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O, pardon! since a crooked figure may

Attest in little place a million;

And let us, ciphers to this great accompt,

On your imaginary forces work.

Suppose within the girdle of these walls

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Piece out our imperfections with your thoughts;

Into a thousand parts divide one man,

And make imaginary puissance;

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For ’tis your thoughts that now must deck our kings,

Carry them here and there; jumping o’er times,

Turning the accomplishment of many years

Into an hour-glass: for the which supply,

Admit me Chorus to this history;

Who prologue-like your humble patience pray,

Gently to hear, kindly to judge, our play.

For ’tis your thoughts that now must deck our kings,” the chorus speaks to the audience, removing the veil of pretence between the two, breaking the “fourth wall”. The adult audience is being asked to enter into the play, to become a part of it by supplying the props, sets, scenery and extraneous cast. The audience is actively PLAY-ing.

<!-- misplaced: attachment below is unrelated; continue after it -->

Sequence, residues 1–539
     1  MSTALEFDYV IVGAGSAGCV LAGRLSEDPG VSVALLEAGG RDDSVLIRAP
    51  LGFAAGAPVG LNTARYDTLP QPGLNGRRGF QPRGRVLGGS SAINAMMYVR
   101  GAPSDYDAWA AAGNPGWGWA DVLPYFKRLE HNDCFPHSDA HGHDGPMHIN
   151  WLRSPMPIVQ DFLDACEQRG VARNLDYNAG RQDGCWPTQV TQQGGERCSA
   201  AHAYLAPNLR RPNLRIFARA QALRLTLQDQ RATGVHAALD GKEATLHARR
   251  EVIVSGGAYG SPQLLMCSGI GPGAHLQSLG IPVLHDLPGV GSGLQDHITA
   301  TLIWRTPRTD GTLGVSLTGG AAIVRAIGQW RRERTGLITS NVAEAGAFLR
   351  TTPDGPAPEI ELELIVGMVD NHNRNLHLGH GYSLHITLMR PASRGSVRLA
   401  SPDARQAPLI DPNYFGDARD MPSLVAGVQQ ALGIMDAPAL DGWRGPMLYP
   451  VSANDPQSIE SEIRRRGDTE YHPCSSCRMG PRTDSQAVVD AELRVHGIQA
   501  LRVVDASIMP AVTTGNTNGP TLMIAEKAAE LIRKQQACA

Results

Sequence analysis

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This holidays I am at home with three neices, between 2 years and 8 years of age. I see them move between games and conversation, pausing casually to nibble imaginatively on a wooden piece of cake painted brightly. One sits dialoguing with her dolls,  the other role playing with costumes. Their pace is constant, like tightly wound tops they move without ceasing,  activity after activity, sometimes absorbed, sometimes quarrelsome. They are a marvel of imaginative involvement, mostly content unless tired or hungry.

All the time I see them learning. Learning to hit a ping pong ball for the first time, swinging and missing, and slowing learning coordination.  When restrained too long amidst adult conversation they grow restless and sulky, wanting desperately to keep on playing. Play, play, they want to play. The little knowledge I have of early education is that play is essential to childhood learning. It is a marvel of nature that children are compelled to play, to imagine and to explore. Difficult things are learned daily, a fearful world is explored and mysterious customs of the adult world, far beyond comprehension absorbed by imitation.

I reflect on the year of learning I have experienced – I would describe it “painful”, marked by “failure”, “hard work” at times “discouraging” and mostly “tiring.” When did we lose our sense of PLAY when learning new and difficult things? Why is not every new endeavour covered all around by imagination and role playing?